The Tax Court in its opinion said that both Lukens and the union "reasonably anticipated that the amounts credited by petitioner to the plan as contingent liabilities during the taxable years would be required, on a 'first-in first-out' approach, to be paid by the petitioner to the trust within a few years." 52 T.C. at 785.

 Chief Judge Hastie, concurring in Lukens, stated:


The Tax Court found that it was probable and was reasonably anticipated by the parties that the sums the taxpayer irretrievably committed to the Supplemental Unemployment Benefit Fund during the taxable years would have to be paid out within a relatively short time that could be estimated approximately. That finding makes it unnecessary to decide whether sums committed to such a fund as this are then immediately deductible as an accrued business expense if the time of future disbursement is entirely speculative and is as likely to occur decades hence as in the near future. Yet the opinion of the Court seems broad enough to cover that situation. I prefer not to express any opinion whether an immediate deduction would have been allowable in such a case. Id. at 1135-36.

 In this case, even the more stringent test suggested by Judge Hastie's concurring opinion is satisfied. Plaintiff's pay-outs cannot occur "decades hence" *fn9" since a substantial part of the delayed obligation has already been paid by plaintiff in the form of unemployment and related benefits.

 This case involves five calendar years, (1962 through 1966) and another six years elapsed before the institution of this action in December 1972, hence it is not necessary to speculate on the length of the deferral period. The evidence of what has happened since 1962 is in the record.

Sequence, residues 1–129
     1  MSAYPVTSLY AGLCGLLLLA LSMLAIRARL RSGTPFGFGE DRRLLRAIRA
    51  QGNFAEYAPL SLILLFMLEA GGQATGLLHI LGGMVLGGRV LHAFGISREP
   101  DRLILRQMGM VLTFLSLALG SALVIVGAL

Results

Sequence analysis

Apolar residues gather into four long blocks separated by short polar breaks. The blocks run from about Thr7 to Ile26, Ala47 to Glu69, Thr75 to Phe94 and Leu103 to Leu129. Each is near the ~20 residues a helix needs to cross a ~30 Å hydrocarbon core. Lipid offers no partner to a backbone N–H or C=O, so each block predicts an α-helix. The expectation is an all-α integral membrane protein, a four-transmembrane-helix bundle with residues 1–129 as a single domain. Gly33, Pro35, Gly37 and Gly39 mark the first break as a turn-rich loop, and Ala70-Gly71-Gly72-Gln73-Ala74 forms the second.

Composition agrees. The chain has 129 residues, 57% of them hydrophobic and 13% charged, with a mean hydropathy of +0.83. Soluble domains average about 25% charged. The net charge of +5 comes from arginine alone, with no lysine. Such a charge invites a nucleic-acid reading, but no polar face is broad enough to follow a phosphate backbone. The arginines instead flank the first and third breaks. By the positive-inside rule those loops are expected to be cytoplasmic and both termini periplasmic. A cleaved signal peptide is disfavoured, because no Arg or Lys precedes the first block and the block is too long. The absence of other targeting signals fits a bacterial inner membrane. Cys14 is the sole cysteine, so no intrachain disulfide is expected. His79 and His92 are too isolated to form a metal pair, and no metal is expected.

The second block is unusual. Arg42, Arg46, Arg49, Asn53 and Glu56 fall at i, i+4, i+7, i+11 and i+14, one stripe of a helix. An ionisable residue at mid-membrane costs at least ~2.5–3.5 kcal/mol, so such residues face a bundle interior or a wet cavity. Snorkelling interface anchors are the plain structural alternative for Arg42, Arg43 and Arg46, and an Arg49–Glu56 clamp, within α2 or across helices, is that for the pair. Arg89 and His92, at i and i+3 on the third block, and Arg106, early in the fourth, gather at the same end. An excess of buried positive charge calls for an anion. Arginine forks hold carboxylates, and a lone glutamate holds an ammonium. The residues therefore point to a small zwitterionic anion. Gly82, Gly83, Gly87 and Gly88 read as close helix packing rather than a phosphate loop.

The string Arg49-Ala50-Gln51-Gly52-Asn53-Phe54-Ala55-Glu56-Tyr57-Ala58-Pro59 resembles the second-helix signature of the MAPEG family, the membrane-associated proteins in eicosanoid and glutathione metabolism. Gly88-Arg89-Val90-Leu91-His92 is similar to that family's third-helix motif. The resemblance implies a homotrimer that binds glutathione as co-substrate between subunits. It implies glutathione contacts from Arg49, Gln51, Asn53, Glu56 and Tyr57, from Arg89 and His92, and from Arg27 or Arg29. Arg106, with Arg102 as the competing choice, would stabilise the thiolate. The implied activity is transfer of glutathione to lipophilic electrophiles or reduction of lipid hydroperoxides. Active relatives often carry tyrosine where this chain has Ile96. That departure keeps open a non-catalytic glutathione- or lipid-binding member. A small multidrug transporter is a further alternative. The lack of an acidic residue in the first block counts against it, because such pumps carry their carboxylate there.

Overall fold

First, the parties have stipulated that beginning with the month of September 1962, all unemployment benefits payable thereafter by Universal-Cyclops under the 1962 Universal-Cyclops SUB plan from its SUB trust were financed solely through the delayed obligation and none was financed through current contributions. (Stip. X 28.) Moreover, the parties have stipulated that all unemployment benefits payable by Empire-Reeves under its 1962 Empire-Reeves SUB plan from and after its effective date on February 1, 1963 were financed solely through the delayed obligation. (Stip. X 32.) Thus, in both cases, the intention of the drafters of the 1962 SUB plan that full funding of benefits thereunder would be in the form of delayed obligation within several years after its effective date (see 442 F.2d at 1133) was greatly overestimated, at least as applied to plaintiff. This fact makes doubtful any argument that the creation of the delayed obligation was a device to obtain current tax deductions from an obligation which might never be payable. The delayed obligation was in fact used almost immediately for the payment of unemployment benefits by plaintiff. Inquiry must turn to the length of time of the payment of the delayed obligation to see if the actual payments by plaintiff satisfy Judge Hastie's more severe test that payment should not occur "decades hence." Utilizing the first-in first-out method of accounting expressly authorized by the Tax Court in Lukens, 52 T.C. at 785, and based upon actual cash contributions by Universal-Cyclops into its SUB trust for the purpose of financing unemployment benefits, the delayed obligation accrued under the 1962 Universal-Cyclops SUB plan between July 1, 1962 and December 31, 1970 was completely paid out over the following periods: Year of Final Total Elapsed Year of Accrual Payment Years 1962 (June 30 carry-forward) 1967 5 1962 (July 1 - Dec. 31) 1968 6 1963 1970 7 1964 1970 6 1965 1971 6 1966 N/A N/A 1967 1971 4 1968 1971 3 1969 1971 2 1970 1972 2